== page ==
Just a few final pictures from Kaunas.
Just a few final pictures from Kaunas.
It is a short story. The Jews first came to the Duchy of Lithuania in the 15th century, they thrived. They lived their lives alongside their Lithuanian neighbors and then the Second World War came. Ninety percent of them were murdered. That’s it. If that’s enough- skip to the pictures.
Here is the very long story. I separate this piece from my regular travel journal because there is nothing regular about it. Still I fill the need to record it.
On the first full day in Vilnius, Myra and I walk up to the Town Hall Square. The breakfasts are so good, and the hotel so comfortable, that although it is only several blocks away it is almost ten when we reach there. There are two groups of tours forming, Free Vilnius by foot (maybe not so free-it is just about mandatory to tip 10 Euros at the end) and the Jewish Tour of Vilnius-the cost 10 Euros up front. We don’t even discuss it, we join the Jewish Tour.
Milde, our guide, explains she is a Christian Lithuanian but she is a religious studies major in the university and knows much about Jewish life in Lithuania. So we go through an arch, she explains is known as the Jewish Gate. For centuries the Jews lived in the two neighborhoods we visit, but it was always known as the Jewish Quarters. It wasn’t until the Nazi Occupation of Lithuania, that the Jews were restricted to living in these areas, and then they were labeled the Jewish Ghettos. We visit a statue of the Gaon of Vilnius, a revered religious leader who could read the Torah by age four and had it memorized by age seven. According to Milde he was responsible for codifying much of the question, response method of traditional Torah study. I make a mental note to ask friends or the rabbi if this information is in fact correct, but before I even get home a friend comments on Facebook about how Vilnius is the home of the great Talmudic scholar, the Gaon of Vilnius.
We stop at a playground in front of a school. Here is where othe Great Synagogue of Vilnius once was located. Nothing remains but a marker.
We stop in front of a one story building. Milde explains it is a registry of some sort. Many people from around the world, stop by and try to trace family members. Our knowledge of our history really begins with our grandparents (and one great parent emmigrating from other parts of the Jewish Pale, to the Lower East Side- but on the map Milde shows of us of the territory of the Litvaks- Jews from the area-includes names I recognize from Eric’s background).
We look at a statue of a happy doctor engaged in conversation with a pigtailed young girl. This is Dr, Shabad, our guide explains, a well known Jewish doctor who treated children as well as their pets. Some think Dr. Doolittle is based upon his story.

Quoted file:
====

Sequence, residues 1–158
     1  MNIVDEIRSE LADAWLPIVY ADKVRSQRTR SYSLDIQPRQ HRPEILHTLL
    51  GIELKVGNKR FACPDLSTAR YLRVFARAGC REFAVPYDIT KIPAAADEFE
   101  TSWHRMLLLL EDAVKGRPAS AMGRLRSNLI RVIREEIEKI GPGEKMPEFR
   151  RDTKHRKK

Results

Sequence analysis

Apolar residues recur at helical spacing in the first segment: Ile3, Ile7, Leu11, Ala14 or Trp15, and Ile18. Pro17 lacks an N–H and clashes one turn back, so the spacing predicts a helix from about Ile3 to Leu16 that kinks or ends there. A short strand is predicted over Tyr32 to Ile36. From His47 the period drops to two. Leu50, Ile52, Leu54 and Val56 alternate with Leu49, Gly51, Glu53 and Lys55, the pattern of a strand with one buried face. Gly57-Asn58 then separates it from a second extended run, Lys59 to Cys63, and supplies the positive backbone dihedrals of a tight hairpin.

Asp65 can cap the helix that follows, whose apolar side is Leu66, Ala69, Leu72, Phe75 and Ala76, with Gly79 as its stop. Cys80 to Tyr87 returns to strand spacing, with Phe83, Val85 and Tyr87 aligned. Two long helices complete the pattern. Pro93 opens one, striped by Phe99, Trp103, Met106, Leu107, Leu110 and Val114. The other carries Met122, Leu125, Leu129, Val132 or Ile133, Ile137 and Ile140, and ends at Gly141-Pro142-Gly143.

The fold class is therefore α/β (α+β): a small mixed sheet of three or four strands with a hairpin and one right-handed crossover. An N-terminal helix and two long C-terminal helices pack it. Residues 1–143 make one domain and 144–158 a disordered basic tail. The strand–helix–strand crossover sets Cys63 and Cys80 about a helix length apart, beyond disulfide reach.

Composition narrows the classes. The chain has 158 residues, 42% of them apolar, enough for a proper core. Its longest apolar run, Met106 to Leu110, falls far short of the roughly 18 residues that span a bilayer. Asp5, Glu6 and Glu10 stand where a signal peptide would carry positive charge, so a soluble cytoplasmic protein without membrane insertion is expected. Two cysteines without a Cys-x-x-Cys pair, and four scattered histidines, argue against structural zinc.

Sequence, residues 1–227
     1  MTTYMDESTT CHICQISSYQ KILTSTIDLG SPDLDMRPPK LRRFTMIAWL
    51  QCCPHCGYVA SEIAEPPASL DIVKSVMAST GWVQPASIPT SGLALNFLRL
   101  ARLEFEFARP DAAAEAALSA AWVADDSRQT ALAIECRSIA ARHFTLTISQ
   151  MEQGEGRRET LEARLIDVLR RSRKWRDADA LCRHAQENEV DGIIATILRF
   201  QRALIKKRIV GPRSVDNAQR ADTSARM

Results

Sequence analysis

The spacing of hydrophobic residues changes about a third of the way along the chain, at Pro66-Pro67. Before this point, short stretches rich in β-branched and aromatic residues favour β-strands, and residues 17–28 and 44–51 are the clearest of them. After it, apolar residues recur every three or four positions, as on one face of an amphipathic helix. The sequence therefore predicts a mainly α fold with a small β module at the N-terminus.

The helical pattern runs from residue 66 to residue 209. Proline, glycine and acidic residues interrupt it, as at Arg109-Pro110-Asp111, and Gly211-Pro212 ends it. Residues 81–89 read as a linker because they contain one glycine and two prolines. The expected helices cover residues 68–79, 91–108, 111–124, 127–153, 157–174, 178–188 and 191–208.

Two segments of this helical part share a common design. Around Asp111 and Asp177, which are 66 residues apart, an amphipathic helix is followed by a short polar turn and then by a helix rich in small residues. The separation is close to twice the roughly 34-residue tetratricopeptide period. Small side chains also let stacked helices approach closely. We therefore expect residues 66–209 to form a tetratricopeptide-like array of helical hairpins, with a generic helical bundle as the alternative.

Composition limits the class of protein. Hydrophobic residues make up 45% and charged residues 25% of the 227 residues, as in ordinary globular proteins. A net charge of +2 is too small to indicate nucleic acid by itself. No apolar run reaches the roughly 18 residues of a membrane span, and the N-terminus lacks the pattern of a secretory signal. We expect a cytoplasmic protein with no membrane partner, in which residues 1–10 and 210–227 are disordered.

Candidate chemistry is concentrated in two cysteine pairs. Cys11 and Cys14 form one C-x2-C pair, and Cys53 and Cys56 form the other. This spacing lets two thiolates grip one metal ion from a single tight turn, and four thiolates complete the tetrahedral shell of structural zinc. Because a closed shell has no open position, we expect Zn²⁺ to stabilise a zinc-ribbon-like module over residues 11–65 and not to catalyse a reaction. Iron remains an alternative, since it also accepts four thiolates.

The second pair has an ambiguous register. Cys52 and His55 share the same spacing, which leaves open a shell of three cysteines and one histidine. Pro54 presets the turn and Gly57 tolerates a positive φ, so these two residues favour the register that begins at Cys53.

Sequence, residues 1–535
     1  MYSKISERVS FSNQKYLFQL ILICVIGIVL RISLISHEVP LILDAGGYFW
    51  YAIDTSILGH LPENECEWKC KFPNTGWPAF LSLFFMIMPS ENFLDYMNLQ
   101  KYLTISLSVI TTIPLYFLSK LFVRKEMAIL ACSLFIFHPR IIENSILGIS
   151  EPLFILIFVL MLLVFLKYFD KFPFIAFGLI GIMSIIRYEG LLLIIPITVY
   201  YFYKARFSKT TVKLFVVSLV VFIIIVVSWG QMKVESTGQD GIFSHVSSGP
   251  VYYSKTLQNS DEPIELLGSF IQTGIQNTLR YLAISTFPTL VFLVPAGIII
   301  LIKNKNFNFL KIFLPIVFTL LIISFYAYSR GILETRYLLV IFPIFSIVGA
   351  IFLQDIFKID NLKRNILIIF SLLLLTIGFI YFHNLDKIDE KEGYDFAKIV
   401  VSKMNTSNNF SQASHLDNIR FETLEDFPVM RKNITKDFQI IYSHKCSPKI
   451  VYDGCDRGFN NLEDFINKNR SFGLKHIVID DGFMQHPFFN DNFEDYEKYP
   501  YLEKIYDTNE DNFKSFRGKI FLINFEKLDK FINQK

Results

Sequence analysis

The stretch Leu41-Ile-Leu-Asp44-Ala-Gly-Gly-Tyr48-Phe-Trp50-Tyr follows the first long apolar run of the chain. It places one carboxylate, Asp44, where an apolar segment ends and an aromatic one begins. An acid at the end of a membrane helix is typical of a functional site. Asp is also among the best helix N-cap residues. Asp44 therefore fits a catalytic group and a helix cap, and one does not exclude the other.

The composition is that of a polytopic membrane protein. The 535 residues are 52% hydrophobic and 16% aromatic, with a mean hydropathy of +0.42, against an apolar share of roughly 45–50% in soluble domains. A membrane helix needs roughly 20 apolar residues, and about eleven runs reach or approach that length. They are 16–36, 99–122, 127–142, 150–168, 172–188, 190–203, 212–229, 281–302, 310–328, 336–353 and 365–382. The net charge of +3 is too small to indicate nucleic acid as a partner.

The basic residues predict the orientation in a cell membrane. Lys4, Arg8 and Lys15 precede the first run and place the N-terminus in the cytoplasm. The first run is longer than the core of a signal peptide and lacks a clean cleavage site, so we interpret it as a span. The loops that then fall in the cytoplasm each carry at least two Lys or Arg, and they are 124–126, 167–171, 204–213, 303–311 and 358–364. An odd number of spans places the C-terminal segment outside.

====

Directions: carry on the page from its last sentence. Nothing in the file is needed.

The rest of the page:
We spend the next hour, visiting a library where Jewish books were collected during the War years, looking at courtyards, a couple from California ask how many synagogues were located in the area. Milde replies, more than a hundred, all sorts of shuls for all sorts of groups. She points out a courtyard where once the Tailor’s Shul stood. We see all traces of Yiddish writing indicating where once Yiddish merchants engaged in all sorts of street level enterprises.
Milde brings us to the Choral Synagogue, a synagogue that is functioning today. Barbara, at the hotel had told us that a Chabad rabbi leads services there at times. Its ironic that community of the Gaon of Vilnius, who raged against the Chasidic movement of the 17th Century, is led by a Hasidic rabbi who does his best to nurture and grow the fragment of the remaining Jewish community.
At the end of the tour, we gather in yet another courtyard and Milde says it is difficult to discuss the role of the Lithuanians in the process of the extermination of the Jews. She tells us that many Lithuanians (though not all, -more about that later) assisted the the Nazis in rounding up the Jews, restricting them to the ghettos and bringing them to the forests where they were shot to death and buried. She spends a few minutes attempting explanations, like the Lithuanian non-Jews felt the Jews were Soviets and therefore the invaders. She added that it is human nature to want what your neighbor has, and you do not, and that explained why the Jewish possessions were so easily appropriated. Myra spoke up. “It is not human nature.”
I am disturbed to recall an incident in Riga. In the breakfast room of our hotel, I told the Jewish couple, eating breakfast next to us, that a New York Times writer had used the line , “First they came for…'” from the Holocaust poem, to title an opinion essay about Trump’s edict (or as it called -today-tweet) about banning transgender soldiers in the US military,. the husband responded that writers from the Times and the Washington Post like to put ideas in our heads.
“Name one US citizen that has lost his job since Trump became president.”
I should have said , Sally Yates, James Comey, Preet Bharara, but I don’t think fast, so I said, how about all the immigrants that have been rounded up.
“I said US citizen,” he replied.
My response was weak. What I should have said, was -all those non-documented Hispanics, Muslims, Asians (and I can put so many faces to each of those categories) are no less worthy of living decent, safe lives, than the Jews who lived in Eastern Europe before the War were. But I am so eloquent only in hindsight
I cannot understand what happened, but I no longer am unable to fathom why it did. .
In the afternoon, we hike up past the Frank Zappa memorial. Yes Frank Zappa, its a head on a pole, and you are supposed to be able to get a phone call from the statue explaining more about it, by scanning in a QR code. Unfortunately, it doesn’t work, so I have nothing else to say about it. Our goal is the Holocaust Museum. It is a green, wooden, house-like structure, that reminds me of the buildings in the woods at our old summer camp. There, in a series of rooms, the low-tech exhibits retell the stories of the Jews in Lithuania beginning with the letter from Duke Gediminas, granting the Jews permission to settle in the area. The final exhibit is a map of Lithuania where lights indicate places all through the country, where Jews were shot and buried. The pre-war Jewish population was close to 70.000 and less than 3,000 Jews remained at the end of the War.